The process of parasite-induced ETosis depends on the assembly/activation of the NADPH oxidase (NOX) (15, 29, 30) complex leading to ROS production (33, 34). As reported for several parasites and bacteria, N. caninum-induced ETosis also proved to increase ROS production. N. caninum tachyzoite stage entrapment in monocyte-ETs proved to be dose and time dependent. Consistently, time- and dose-dependent ET formation has also been previously reported in T. gondii- and E. bovis-triggered reactions in harbor seal and bovine PMN (15, 24). All these results clearly suggest that N. caninum tachyzoites are as well inducers of ETs derived from caprine monocytes.

Monocytes stimulated with zymosan showed significantly enhanced monocyte-derived-ETs formation, thus proving that zymosan is a useful tool for triggering ETs in the caprine system, as previously reported elsewhere (28).

Furthermore, inhibition of MPO via its respective inhibitor ABAH, significantly reduced N. caninum tachyzoite-triggered fluorescence signals, which suggested the vital role of the enzyme in caprine monocytes-ETs formation. Previous studies have demonstrated that the activation of ERK 1/2 and p38 MAPK signaling pathway was involved in PMA-induced NET formation (35). To further investigate these signaling pathways in N. caninum tachyzoite-triggered monocyte ETs, the specific inhibitors UO126 and SB202190 were used in inhibition assays. The inhibition of ERK1/2 and p38 MAPK resulted in significant reduction of N. caninum triggered monocyte ET formation and western blotting showed that N. caninum significantly increased the activities of ERK 1/2 and p38 MAPK signaling pathway. These results were in accordance to recent investigations on parasite-induced ETosis, such as T. gondii, Cryptosporidium parvum, and Eimeria bovis (15, 30).

Given that ETosis is considered as a novel cell death process (31), we speculated whether N. caninum tachyzoite-triggered ETs formation in caprine monocytes was similar to these characteristics in NETosis. The release of LDH, which is well-known marker of necrosis was not detected during NETosis induced by several stimuli (20, 22, 36). The exposure of N. caninum for 30, 60, 90, and 120 min resulted in no LDH activities as the LDH Cytotoxicity Assay did not detect any LDH in the supernatants, thus proving that this process was indeed ETosis. Moreover, these results suggest that N. caninum-induced ETosis in caprine monocytes is not correlated with membrane damage, which is in line with the characteristics of NETosis.

In conclusion, this study demonstrates for the first time N. caninum as inducers of monocyte-derived ETosis. Furthermore, several molecules as well as signaling pathways involved in N. caninum tachyzoite-triggered caprine monocyte-derived-ETosis. However, whether caprine monocyte-ETosis indeed plays a critical role in the early host immune response against this parasite in vivo deserves further research.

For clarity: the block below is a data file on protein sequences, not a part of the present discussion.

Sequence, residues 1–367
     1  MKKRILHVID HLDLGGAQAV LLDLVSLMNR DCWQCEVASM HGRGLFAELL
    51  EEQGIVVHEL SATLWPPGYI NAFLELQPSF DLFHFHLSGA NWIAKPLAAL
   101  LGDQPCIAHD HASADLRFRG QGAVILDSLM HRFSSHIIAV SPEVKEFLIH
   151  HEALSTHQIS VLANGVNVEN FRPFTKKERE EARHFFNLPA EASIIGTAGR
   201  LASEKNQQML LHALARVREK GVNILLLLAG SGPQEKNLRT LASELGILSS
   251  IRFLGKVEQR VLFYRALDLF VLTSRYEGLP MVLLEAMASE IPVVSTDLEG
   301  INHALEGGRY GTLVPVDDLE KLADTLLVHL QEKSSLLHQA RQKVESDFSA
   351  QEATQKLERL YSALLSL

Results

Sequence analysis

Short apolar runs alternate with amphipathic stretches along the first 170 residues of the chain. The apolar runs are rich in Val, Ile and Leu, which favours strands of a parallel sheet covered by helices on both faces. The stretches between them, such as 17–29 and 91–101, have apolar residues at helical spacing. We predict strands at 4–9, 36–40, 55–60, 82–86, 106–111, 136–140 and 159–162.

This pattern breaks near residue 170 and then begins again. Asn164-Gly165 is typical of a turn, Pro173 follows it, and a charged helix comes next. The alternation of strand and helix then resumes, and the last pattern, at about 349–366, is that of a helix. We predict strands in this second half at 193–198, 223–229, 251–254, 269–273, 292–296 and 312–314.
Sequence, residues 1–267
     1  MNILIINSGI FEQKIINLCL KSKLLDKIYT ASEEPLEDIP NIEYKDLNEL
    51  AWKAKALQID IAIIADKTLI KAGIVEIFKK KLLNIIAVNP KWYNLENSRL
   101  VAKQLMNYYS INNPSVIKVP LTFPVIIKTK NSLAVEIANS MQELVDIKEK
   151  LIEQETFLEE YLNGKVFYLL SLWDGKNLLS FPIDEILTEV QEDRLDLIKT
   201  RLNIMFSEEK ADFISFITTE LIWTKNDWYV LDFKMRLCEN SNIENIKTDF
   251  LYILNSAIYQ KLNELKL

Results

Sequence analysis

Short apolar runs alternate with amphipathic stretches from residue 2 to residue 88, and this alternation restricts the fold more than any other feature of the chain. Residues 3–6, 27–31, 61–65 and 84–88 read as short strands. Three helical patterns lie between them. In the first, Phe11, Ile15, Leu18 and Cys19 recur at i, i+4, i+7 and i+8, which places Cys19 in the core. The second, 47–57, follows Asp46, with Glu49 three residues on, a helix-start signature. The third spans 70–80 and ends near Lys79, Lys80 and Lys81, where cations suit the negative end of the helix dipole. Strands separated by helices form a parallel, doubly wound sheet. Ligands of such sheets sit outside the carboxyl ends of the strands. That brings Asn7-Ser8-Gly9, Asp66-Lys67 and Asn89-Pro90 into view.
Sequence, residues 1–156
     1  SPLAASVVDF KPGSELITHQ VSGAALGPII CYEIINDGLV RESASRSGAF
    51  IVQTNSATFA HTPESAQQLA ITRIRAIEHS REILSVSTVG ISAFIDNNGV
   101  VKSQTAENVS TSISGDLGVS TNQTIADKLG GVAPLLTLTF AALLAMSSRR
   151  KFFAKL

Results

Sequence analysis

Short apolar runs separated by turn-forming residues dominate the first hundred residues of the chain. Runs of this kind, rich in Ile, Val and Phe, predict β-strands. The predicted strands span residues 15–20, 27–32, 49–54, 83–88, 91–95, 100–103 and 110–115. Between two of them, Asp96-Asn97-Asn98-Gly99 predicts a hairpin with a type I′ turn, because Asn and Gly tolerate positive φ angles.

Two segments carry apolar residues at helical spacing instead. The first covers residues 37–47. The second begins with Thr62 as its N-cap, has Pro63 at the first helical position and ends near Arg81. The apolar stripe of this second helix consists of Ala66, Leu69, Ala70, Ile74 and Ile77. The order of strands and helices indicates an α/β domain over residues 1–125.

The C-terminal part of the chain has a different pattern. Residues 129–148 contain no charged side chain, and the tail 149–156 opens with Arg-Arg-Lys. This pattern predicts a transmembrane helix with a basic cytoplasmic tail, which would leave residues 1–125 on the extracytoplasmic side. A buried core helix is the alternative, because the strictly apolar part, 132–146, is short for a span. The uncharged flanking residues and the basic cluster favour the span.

Statistical Analysis

Experimental data were analyzed by the GraphPad 5.0 software. The differences among the groups were analyzed by one-way analysis of variance with Tukey multiple comparison test. All values were expressed as the means ± SD. P-values <0.05 were considered as statistically significant.

Ethics Statement

All animal experiments were approved by Laboratory Animal Welfare of Jilin University.

Author Contributions

ZY, CH, AT, and XZ designed the project and experiments. ZY, ZW, XH, and XW carried out most of the experiments. ZY, ZW, and CH wrote the manuscript. ZW, PG, and JL carried out statistical analysis and prepared figures. JL and XZ corresponded this article. All authors reviewed the manuscript.

Conflict of Interest Statement

The authors declare that the research was conducted in the absence of any commercial or financial relationships that could be construed as a potential conflict of interest.

Funding

This work was funded by the National Basic Science Research Program (973 program) of China (grant no. 2015CB150300) and China Postdoctoral Science Foundation (2013M540255).

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Keywords: Neospora caninum, caprine, monocytes, extracellular traps, apicomplexa

Citation: Yang Z, Wei Z, Hermosilla C, Taubert A, He X, Wang X, Gong P, Li J and Zhang X (2018) Caprine Monocytes Release Extracellular Traps against Neospora caninum In Vitro. Front. Immunol. 8:2016. doi: 10.3389/fimmu.2017.02016

Received: 29 August 2017; Accepted: 29 December 2017;
Published: 19 January 2018

Edited by:

Junji Yodoi, Kyoto University, Japan

Reviewed by:

Mieke Gouwy, KU Leuven, Belgium
Gabor Csanyi, Augusta University, United States

Copyright: © 2018 Yang, Wei, Hermosilla, Taubert, He, Wang, Gong, Li and Zhang. This is an open-access article distributed under the terms of the Creative Commons Attribution License (CC BY). The use, distribution or reproduction in other forums is permitted, provided the original author(s) or licensor are credited and that the original publication in this journal is cited, in accordance with accepted academic practice. No use, distribution or reproduction is permitted which does not comply with these terms.

*Correspondence: Jianhua Li, Jianhuali7207@163.com;
Xichen Zhang, xczhang@jlu.edu.cn

These authors have contributed equally to this work.